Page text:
If there was a way to go back to 1965 and have a do-over on nursing home design in America, we would not create or accept the institutional architecture, the chronic under-reimbursement and dysfunctional regulatory system that are hallmarks of our current reality. We suspect most stakeholders feel the same way.
With the tragedy of the COVID pandemic, we must ask ourselves why we can’t unite to go forward with the painful lessons of the past. Why can’t we drive home a better future for elders and younger disabled residents that need a more comprehensive level of care and support?
We need to reimagine the whole system of long-term care and the very culture that drives it. That includes physical nursing home design, how each person is cared for, the lack of living wages for direct caregivers, and the systems of regulation and reimbursement. The Live Oak Project was born in response to the catastrophe of COVID-driven nursing home deaths to boldly advocate for how and where we age.
We are not naïve to the daunting challenges of this imperative vision. We are totally aware of the limits of the present system and the many stakeholder organizations, each with their own interests and investments. Does this mean we are doomed to, at best, marginal change that won’t significantly reach down to the root of the problems of institutional environments, workforce inequities and shortages, and a culture of care whereby the provider, rather than the resident, is at its center?
Some blame nursing home ownership and management. Others lay fault on reimbursement, and some put the blame on regulations. The list goes on and on. The stark reality is that there is no scapegoat; there isn’t a “good guy” versus a “bad guy”.
The entirety of the system was poorly constructed on quicksand, bound to fail as soon as an earthquake happened. That occurred in 2020 with COVID-19. The system collapsed. The overcrowded, overregulated, under-reimbursed, institutionally designed nursing homes crumbled leaving many dead from the virus or from isolation, an overwhelmed workforce, etc.
What we’ve learned (and knew) about nursing home design
Every person is unique as is every nursing home community. Before us lies the opportunity to truly create a person-directed culture that reflects the richness of the people who live and work there.
We owe it to our elders, our care partners, and all other stakeholders, including investors, to feel the intrinsic rewards of an atmosphere where every individual can thrive.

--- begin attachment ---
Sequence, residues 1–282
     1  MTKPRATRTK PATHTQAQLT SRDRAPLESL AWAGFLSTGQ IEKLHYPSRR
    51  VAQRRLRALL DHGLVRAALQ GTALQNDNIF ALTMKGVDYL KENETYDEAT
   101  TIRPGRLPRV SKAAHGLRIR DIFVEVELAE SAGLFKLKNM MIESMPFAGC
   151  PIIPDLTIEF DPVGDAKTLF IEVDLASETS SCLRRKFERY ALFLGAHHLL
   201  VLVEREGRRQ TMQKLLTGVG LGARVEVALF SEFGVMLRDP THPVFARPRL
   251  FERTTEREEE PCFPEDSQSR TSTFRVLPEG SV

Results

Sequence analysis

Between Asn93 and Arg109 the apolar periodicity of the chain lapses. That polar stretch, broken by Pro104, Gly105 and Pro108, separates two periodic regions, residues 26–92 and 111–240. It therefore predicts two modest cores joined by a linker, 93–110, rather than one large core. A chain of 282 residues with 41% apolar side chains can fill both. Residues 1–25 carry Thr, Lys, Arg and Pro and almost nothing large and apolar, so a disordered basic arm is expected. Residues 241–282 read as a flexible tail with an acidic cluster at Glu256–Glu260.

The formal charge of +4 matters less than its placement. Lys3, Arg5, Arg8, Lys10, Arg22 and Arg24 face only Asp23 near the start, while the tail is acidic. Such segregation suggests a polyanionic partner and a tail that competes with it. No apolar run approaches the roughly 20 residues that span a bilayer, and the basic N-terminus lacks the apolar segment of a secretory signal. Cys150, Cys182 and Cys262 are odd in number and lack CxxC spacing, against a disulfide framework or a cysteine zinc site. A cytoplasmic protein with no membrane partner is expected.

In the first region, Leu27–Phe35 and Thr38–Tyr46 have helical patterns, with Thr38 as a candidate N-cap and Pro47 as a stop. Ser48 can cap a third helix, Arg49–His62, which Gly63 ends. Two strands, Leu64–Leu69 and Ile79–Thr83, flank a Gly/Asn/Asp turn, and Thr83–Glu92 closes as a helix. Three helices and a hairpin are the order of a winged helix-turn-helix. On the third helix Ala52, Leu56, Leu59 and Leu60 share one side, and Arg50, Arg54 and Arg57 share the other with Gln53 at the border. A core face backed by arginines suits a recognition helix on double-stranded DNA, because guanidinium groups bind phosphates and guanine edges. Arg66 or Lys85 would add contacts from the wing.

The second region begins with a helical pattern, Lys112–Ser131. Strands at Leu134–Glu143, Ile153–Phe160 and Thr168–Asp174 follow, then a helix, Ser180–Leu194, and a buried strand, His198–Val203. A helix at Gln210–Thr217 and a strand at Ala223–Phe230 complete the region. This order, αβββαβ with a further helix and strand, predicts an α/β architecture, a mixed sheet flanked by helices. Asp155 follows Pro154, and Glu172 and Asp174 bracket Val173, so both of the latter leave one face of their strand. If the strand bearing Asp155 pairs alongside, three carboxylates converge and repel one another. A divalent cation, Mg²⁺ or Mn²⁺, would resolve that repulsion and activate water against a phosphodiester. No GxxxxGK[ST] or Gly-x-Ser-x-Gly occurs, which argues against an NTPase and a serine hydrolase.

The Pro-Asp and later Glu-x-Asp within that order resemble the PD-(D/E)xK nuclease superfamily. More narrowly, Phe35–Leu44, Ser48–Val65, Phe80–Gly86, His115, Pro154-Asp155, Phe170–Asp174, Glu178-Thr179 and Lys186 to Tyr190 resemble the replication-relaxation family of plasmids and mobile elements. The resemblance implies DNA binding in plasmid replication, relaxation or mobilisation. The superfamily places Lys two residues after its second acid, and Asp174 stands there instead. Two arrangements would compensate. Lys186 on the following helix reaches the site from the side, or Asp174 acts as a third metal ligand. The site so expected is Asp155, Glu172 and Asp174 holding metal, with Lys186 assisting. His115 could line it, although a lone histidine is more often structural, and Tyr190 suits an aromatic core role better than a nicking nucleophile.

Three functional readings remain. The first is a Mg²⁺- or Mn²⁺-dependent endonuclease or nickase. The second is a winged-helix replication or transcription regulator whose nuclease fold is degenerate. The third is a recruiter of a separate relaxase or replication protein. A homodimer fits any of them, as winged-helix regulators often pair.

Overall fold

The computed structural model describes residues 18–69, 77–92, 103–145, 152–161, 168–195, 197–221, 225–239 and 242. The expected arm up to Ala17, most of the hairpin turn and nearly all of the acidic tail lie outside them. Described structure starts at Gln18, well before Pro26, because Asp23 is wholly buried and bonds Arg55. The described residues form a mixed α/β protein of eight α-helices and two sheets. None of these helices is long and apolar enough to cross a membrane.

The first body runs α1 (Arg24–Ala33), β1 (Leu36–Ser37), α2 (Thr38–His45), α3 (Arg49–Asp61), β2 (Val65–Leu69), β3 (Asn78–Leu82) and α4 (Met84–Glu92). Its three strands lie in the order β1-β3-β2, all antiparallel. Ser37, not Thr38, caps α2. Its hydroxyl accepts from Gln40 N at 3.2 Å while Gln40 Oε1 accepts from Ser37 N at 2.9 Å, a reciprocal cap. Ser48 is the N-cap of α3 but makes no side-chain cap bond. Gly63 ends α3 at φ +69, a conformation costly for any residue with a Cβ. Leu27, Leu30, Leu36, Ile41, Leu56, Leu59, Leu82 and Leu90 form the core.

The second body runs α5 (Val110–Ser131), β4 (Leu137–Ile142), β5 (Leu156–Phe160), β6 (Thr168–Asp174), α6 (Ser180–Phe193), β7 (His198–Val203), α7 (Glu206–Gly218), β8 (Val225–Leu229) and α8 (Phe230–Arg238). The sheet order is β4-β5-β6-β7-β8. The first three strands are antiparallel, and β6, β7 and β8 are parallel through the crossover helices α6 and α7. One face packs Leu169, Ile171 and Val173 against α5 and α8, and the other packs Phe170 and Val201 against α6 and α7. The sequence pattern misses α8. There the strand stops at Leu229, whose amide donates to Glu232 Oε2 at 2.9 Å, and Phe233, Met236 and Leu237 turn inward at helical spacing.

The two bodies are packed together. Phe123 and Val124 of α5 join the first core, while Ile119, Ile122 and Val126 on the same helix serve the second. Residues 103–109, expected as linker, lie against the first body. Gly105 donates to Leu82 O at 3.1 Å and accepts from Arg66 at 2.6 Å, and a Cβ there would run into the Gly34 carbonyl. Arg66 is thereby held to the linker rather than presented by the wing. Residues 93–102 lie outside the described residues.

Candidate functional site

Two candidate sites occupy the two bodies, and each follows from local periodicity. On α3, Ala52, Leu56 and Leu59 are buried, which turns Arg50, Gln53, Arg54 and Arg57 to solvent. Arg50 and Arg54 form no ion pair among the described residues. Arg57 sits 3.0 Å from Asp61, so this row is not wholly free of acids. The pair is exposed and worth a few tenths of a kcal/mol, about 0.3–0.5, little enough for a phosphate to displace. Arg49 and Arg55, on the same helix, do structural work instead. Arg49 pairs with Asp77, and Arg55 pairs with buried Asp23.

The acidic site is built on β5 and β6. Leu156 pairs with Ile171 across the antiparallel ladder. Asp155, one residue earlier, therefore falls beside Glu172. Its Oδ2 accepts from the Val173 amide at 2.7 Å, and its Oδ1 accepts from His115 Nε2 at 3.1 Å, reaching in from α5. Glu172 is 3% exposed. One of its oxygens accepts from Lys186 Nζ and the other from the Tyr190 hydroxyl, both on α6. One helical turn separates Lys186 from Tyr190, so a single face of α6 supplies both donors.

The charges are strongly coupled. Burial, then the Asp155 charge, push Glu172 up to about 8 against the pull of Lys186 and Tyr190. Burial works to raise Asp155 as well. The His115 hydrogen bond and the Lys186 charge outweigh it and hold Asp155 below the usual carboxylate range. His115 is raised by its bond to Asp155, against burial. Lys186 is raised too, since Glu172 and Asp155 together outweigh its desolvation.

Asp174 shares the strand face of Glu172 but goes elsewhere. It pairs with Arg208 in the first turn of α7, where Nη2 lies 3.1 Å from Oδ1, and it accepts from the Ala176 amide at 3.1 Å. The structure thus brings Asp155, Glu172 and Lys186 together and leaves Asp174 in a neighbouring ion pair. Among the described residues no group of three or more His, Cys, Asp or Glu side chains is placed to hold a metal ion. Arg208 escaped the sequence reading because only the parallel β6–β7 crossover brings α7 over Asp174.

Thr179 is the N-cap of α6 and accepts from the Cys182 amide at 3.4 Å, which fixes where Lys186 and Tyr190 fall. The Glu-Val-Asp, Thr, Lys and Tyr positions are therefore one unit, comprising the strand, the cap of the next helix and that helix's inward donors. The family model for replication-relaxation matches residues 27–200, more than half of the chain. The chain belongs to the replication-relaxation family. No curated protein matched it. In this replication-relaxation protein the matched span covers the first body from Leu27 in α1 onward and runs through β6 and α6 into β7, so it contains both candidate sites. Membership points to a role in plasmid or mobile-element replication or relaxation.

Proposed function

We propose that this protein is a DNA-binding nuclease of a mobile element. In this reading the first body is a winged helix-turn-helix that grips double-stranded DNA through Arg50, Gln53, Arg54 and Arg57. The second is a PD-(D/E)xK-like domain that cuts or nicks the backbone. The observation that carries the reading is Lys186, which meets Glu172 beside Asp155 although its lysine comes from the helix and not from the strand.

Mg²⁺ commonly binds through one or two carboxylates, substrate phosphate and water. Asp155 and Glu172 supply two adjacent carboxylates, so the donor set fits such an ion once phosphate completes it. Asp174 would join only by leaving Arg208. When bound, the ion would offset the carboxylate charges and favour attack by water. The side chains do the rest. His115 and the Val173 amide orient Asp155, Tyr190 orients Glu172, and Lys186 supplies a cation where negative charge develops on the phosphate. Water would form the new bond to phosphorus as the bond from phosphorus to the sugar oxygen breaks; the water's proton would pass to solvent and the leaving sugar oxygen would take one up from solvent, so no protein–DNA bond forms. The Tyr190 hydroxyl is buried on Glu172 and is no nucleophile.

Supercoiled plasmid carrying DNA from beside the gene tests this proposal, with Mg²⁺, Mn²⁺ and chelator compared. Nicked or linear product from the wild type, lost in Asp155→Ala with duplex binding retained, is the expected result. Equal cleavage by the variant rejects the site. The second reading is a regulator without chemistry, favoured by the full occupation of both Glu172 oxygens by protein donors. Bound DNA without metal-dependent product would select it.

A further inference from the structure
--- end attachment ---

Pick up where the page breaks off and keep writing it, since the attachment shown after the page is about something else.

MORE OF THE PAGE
The pandemic has taught us much, including that underfunding elder care is a policy decision that has contributed mightily to the low salaries of Direct Care Workers and has stifled innovation across the long-term care landscape.
To achieve the level of change necessary, all of us, including government regulators, policymakers, elders, consumers, advocates and providers, need to help shoulder the responsibility of fixing a system that was never properly designed.
There are a number of forward-thinking, progressive providers around the country that have already implemented successfully reimagined environments, cultures of care, organization and support of staff, and relationships with regulators. Let’s bring that knowledge together and open our hearts and minds to creating a new system that works for the individuals who live and work in long-term care.
In a world where so much seems broken and dysfunctional, fixing long-term care suddenly seems less formidable, and could provide a template for healing other societal problems.
It has been said that the darkest hour is right before the dawn. The light shines on all of us to create a better future.
The Live Oak Project is a passionate group of experienced long-term care professionals and activists, bound together by the desire to reimagine, reinvent, and transform Long-Term Care Services and Supports.
Jeff Jerebker was the Founder and CEO of Pinon Management, former Treasurer of Pioneer Network, Co-Founder of the Live Oak Project, and Board Member of Kallimos Communities.
Rick Gamache is the CEO of Aldersbridge Communities, a RI-based not-for-profit provider of health care and housing for low-income elders. He is a member of the Live Oak Project Steering Group, and the former board chair of The Eden Alternative.
The opinions expressed in McKnight’s Long-Term Care News guest submissions are the author’s and are not necessarily those of McKnight’s Long-Term Care News or its editors.